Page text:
oday I am off to my grandma’s to bake some Christmas biscuits with her. In Austria, baking at Christmas has a long tradition. But not only at Christmas, people used to bake for any major occasion – birthdays, anniversaries, Christmas or weddings. Until today, pastries, desserts and cakes are a big part of our culture. (Sometimes I really wonder why Austrians are not overly obese…)
When my mother got married, my grandmother baked for two weeks with a group of three to six women. You may associate this with a wedding cake. But the tradition in our region was to make a wide range of different biscuits. This tradition dates back to the 1920s. The important thing was to offer various kinds of biscuits. Today it seems to be important to serve beautiful biscuits (which look good on Instagram). However, most of these biscuits use the same kind of dough and are just decorated in a different way. The traditional biscuits were based on various ingredients and different doughs. The key was that they were beautiful but at the same time tasty and showed that the family had access to different types of ingredients. Furthermore, sugar used to be very expensive. Quantity but also variety of the biscuits were used to display the wealth of a family.
I remember that until I was a child, going to “watch a wedding” (“Hochzeitschauen”) was a kind of special event. People gathered outside the church and waited for the couple. The family then served biscuits to everyone who came to watch. It was also normal to go to the restaurant of the wedding reception and admire the cakes. Yes, the place was open to the public before the reception started and there were multiple cakes.
The big number of cakes also goes back to the beginning of the last century. As mentioned above, sugar was expensive and, hence, the cakes were a big cost factor for the couple. Guests usually brought a cake to support the couple with their wedding reception. The number of cakes has reduced to one by now. But very often, the biscuits are still served for coffee and guests receive a gift box with biscuits to take home.
As I mentioned above, baking was a big part of any major occasion. Christmas trees in the past were decorated with gingerbread or merengue. Some people still decorate their tree with chocolate wrapped in colourful paper. Baking in December was a big deal – for the adults and the children. My mother used to bake with us every Christmas. It is not a coincidence that a famous Christmas carol is called “In der Weihnachtsbäckerei” (“In the Christmas Bakery”).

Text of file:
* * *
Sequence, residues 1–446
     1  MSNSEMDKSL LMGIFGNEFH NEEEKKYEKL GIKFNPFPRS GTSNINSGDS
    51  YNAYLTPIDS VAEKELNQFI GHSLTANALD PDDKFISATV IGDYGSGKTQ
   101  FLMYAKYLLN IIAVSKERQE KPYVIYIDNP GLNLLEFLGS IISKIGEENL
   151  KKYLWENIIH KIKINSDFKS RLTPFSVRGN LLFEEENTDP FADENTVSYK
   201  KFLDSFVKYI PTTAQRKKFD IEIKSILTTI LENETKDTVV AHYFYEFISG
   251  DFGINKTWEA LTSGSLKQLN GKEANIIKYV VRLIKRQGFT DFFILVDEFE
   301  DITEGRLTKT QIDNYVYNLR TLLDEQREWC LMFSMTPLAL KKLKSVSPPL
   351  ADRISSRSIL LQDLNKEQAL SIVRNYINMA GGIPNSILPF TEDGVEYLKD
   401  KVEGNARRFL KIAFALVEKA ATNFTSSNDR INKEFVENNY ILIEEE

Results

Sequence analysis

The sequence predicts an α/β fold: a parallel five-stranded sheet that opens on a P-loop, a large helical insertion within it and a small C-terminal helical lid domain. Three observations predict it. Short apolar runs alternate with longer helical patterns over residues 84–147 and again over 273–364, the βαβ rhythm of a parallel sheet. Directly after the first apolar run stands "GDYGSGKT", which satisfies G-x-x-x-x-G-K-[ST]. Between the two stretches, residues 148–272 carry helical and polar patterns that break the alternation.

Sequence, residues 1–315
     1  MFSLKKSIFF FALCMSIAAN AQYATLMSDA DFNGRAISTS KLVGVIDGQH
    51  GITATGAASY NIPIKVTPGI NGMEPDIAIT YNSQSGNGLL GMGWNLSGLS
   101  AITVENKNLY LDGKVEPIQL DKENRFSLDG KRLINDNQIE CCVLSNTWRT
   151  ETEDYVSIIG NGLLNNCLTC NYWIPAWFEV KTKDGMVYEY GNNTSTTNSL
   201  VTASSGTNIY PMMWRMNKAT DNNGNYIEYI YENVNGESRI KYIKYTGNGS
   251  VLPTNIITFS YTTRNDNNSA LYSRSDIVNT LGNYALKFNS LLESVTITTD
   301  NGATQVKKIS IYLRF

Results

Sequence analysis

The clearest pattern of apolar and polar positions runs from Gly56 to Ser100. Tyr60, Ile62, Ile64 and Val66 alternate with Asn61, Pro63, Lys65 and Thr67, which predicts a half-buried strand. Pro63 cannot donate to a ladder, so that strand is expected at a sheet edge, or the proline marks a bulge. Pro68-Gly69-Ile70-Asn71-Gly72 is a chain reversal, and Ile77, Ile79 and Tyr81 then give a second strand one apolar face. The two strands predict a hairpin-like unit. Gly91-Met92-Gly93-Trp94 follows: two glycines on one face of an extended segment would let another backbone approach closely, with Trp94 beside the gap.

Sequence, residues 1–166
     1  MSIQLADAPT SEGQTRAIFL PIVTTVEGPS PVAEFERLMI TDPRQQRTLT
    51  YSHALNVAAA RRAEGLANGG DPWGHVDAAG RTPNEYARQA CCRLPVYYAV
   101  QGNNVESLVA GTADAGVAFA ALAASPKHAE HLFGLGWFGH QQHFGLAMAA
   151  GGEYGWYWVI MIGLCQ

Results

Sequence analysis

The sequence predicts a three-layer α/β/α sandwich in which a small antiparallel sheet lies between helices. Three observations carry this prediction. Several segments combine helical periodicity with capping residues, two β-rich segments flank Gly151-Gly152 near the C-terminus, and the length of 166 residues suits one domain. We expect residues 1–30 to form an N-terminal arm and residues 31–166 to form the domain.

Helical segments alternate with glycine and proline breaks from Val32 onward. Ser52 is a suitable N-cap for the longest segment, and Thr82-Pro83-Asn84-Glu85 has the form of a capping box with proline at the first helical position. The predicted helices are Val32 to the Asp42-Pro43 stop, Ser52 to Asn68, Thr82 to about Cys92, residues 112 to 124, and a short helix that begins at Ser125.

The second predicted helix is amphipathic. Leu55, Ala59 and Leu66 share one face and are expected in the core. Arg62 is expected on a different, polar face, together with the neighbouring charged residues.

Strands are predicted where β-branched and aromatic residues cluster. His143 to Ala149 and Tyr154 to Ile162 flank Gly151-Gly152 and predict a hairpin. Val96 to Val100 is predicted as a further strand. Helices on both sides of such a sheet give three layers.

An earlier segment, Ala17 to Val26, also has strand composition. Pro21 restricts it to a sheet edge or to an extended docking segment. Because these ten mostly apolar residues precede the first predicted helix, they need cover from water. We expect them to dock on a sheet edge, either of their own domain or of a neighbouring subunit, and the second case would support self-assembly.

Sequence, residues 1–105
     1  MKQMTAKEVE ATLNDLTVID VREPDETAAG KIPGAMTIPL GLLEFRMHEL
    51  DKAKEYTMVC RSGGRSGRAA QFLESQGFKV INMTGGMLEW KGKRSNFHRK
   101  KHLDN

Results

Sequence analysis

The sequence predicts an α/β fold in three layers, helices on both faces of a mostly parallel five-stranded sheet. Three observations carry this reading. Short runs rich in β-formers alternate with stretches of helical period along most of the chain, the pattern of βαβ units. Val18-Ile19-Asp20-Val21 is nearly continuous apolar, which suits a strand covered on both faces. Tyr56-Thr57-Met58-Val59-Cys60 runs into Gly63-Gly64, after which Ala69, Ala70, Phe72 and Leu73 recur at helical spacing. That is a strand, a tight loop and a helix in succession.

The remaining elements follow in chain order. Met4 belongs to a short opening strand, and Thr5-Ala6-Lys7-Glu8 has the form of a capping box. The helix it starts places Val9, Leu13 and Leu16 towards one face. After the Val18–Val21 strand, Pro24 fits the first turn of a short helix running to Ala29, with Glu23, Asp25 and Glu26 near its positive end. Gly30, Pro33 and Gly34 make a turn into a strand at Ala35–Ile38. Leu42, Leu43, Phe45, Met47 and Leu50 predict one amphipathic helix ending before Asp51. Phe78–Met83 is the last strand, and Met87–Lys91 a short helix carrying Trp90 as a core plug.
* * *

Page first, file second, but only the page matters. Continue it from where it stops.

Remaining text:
Over time, values changed. The former sign of wealth, sugar, has become the new enemy. It has become a sign of weakness. (We are not able to stick to a healthy diet.) It is the “new smoking” and some ask to shame people publicly for eating sugar. We have reached new extremes. On the one hand there is the call for a healthier diet (with sugar-free biscuits or vegan biscuits). On the other, it is difficult to escape the shelves of industrially baked cheap (and flavourless) pastry at our supermarkets. To each their own. While I agree that we need to be careful about how much sugar we consume, I do think it is perfectly ok to enjoy a nice piece of – real and handmade – cake or some biscuits once in a while – everything in moderation. If I decide to have something sweet, I go for the real thing. No vegan or sugar-free alternatives for me, please. Call me a purist.
Similar to the view on sugar, our attitude to baking has changed as well. It became “too time consuming”. The biscuits could soon be ordered from professional bakers. While baking shows and books are booming, less people are actually baking themselves. When I walk through Christmas markets, there are hundreds of shops offering Christmas biscuits (similar to the supermarket displays, most of them look machine made). People rush from market to market, to the shops to tick off presents from their lists and from one party to the next. There is just no time for baking anymore.
But is it really? Is it not similar to what I wrote about taking time to sit down and enjoy a cup of coffee? Maybe we do not have time to bake ten different types of biscuits but maybe we have time for one or two?
With almost two weeks until Christmas, I would like to use this postcard as a reminder that this is supposed to be the silent time of the year. Maybe an hour of baking is perfect to put your mind at ease or spend some time with a friend? And if it is not baking, sit down, enjoy a coffee or tea (with a biscuit 😉 ) and watch the shopping and market craziness from afar. Have a sweet and silent week ahead!